Northwell Health Calls for Awareness and Change in the Gun Violence Public Health Crisis During National Gun Violence Awareness Month

Gun Violence

Northwell Health’s Center for Gun Violence Prevention held an event Friday in honor of National Gun Violence Awareness Month – June – to address the escalating public health crisis of gun violence in America.

Friday, June 7, marked National Gun Awareness Day.

The event was a call for change and advocacy to help reduce the impacts of community violence and bring awareness to the profound lasting effects of gun violence on individuals and families.

“We’ve got to do something an awful lot more to deal with this national public health crisis of gun violence,” said Michael J. Dowling, CEO of Northwell Health. “We are taking a leading role in trying to get people more aware of this issue, get people more concerned about it, and get people more willing to do something about it.”

Gun violence is the No. 1 cause of death among children and teens aged 0-19 years, according to CDC data. Every day, 120 Americans are killed by a firearm.

After the COVID-19 pandemic began, there was a 350% increase in the number of children who are gun violence victims, according to Jose Prince, surgeon-in-chief of the Cohen Children’s Medical Center.

“That is a statistic you should never have to talk about,” Dowling said. “It is an embarrassing statistic and that is why we are all taking an important stance to do something about it.”

Surgeons, nurses, and social workers wearing orange gathered in support of this event in partnership with the organization SNUG, a neighborhood violence prevention program.

The students that came to the Northwell Health event were part of the SNUG program which is under FCA, Family & Children’s Association. SNUG, also known as Should Never Use Guns, is an evidence-based violence reduction initiative.

The SNUG program aims to engage high-risk individuals in violent communities to address the root causes of gun violence and change the community’s acceptance of violent behavior through coordinated strategies to reduce shootings and killings, according to the website.

Nyzier Ross, 14, and Rosie Roberts, 19, two teenagers who have been personally affected by gun violence, shared their stories, trauma, and a call for action.

Gun Violence
Nyzier Ross and Rosie Roberts.

Nyzier was shot in the arm last August. He was treated for gunshot wounds at Cohen.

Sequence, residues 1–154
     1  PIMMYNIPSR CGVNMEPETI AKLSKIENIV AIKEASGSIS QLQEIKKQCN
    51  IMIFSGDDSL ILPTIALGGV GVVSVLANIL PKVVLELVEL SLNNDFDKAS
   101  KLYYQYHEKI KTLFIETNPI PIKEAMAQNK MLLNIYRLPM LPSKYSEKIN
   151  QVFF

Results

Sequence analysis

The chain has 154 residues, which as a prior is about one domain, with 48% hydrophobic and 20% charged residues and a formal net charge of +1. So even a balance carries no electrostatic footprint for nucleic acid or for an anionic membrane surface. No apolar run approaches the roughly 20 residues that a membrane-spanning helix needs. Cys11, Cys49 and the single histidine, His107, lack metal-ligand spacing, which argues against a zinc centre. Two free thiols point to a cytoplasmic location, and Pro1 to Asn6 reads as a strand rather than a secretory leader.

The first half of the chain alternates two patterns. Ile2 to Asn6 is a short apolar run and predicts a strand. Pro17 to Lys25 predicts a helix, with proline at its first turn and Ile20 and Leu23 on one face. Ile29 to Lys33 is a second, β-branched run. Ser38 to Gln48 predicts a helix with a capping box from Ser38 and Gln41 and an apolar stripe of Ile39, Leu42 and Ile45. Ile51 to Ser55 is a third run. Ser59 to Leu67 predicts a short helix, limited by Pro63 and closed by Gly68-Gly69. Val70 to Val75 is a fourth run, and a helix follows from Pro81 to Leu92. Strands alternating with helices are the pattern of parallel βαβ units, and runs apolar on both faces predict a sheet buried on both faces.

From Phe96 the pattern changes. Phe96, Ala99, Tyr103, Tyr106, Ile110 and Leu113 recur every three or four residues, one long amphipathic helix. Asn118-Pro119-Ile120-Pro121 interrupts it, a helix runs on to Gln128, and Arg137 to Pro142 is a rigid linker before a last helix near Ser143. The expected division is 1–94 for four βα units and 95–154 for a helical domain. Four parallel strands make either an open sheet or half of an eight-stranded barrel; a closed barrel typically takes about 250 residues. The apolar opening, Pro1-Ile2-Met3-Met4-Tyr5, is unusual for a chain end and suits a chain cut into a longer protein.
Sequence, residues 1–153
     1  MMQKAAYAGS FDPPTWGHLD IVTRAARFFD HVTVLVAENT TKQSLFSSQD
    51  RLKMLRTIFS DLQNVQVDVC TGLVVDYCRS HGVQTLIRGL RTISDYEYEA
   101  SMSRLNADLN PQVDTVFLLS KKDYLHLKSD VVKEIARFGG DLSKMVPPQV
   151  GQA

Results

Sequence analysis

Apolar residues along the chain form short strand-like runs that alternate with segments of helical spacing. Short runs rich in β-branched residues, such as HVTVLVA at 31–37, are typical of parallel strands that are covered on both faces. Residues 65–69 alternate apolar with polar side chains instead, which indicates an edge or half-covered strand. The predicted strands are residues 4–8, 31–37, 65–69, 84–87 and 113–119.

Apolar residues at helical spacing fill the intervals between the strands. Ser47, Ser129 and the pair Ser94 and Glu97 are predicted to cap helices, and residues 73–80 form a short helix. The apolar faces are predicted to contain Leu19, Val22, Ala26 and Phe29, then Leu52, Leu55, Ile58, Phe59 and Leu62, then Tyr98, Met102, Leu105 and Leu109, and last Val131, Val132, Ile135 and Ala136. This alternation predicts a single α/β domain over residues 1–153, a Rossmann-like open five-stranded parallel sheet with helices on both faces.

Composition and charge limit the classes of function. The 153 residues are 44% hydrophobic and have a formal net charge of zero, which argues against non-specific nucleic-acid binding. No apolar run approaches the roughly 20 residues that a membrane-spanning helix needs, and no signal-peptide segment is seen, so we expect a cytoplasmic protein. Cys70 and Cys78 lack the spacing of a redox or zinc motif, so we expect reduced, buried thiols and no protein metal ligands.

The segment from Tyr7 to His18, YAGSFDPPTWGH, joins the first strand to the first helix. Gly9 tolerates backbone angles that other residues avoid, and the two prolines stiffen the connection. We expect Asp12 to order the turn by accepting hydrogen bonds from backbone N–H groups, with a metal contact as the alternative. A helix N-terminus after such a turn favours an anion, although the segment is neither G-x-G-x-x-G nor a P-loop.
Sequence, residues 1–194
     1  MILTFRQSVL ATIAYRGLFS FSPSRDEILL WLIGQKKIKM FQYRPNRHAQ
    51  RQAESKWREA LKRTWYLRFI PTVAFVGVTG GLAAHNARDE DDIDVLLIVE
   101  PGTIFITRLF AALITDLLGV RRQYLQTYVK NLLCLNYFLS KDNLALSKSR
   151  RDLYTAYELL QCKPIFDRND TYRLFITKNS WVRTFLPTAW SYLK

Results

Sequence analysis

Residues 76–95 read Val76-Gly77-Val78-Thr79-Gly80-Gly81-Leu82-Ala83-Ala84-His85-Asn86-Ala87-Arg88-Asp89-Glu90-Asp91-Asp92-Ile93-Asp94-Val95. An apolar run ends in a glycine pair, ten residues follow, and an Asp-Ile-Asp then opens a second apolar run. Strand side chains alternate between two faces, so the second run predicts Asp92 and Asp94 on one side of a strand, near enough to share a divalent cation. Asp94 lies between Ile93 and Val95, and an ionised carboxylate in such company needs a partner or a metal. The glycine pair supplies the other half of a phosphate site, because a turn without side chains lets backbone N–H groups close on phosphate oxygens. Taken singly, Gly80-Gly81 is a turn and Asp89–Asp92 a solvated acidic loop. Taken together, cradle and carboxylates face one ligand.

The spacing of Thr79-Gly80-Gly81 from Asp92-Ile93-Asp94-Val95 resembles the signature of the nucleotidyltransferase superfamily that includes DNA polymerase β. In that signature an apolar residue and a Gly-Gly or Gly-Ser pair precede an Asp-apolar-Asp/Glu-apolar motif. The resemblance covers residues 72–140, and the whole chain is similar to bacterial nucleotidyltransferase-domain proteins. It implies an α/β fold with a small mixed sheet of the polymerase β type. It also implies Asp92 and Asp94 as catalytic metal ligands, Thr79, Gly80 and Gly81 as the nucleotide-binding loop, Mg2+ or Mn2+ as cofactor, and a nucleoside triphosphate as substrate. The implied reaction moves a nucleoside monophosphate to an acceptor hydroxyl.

“Almost a year ago last summer, my pager went off with a level one trauma activation for a patient [Nyzier] with a gunshot wound. No matter how long you’ve been doing this, 25 years for me, your heart rate picks up a little bit and your heart breaks a little bit,” Prince said. “We feel so powerfully that what happened to him is not right. It is wrong.”

Nyzier has PTSD and sharp noises make him look for cover. Fireworks remind him of gunshot sounds, and with the Fourth of July approaching, he plans to stay inside.

“It is really sad to see kids my age, Rosie’s age, get shot or lose someone because they got shot,” Nyzier said. “I don’t think people should have to go through that. Put the guns down, put the weapons down.”

Roberts’ brother was killed by gun violence in 2017. The SNUG program has helped her heal from her past trauma and make music to express how she feels, she said. In 2023, she made a song called “No More Guns” that includes lines such as, “Every day I cry, I’ve been wondering why, is it safe to go outside.”

She performed the song live at the event.

“On Gun Awareness Day, we ask for no more guns. People should not have to bring their kids or someone they love to a hospital because they’ve been shot,” Roberts said. “It is not only hurting adults, it is hurting kids. They are ending up either in the hospital or the grave.”

The Northwell Violence Prevention Center partners with several community outreach groups to address the underlying socio economic problems that impact this public health crisis of gun violence.

“Mr. Dowling and Northwell are really trying to tackle a very hard problem, which is the social determinants of health,” Prince said. “We know the solution to this comes from a lot of different places. We don’t have the answers to all of this, so we have found many of the community organizations out there doing the hard work day in and day out to partner with.”

The Cohen Children’s Medical Center implemented a universal screening in the emergency room to assess pediatric patients’ access to firearms. The patients are asked about access to a firearm within or outside their household, risk of violence, how often they hear gunshots, and if a gun has been pulled on them in the past six months, according to Monica Shekher-Kapoor, director of community health initiatives.

“What we find is that a child will say that my 14-year-old brother has a gun in a duffel bag in the dining room, or they’ll say that my mom has a shotgun in the closet, or they’ll say that my neighbors have guns in their shed,” Shekher-Kapoor said.

If it hasn’t already directly affected you, you don’t want to wait until it does to take action, Prince said.

“This is about the future. This is about our kids’ future. This is about the obligation and responsibility we have to do what is right to change the dynamics on this issue. This is not a political issue, this is a human issue,” Dowling said.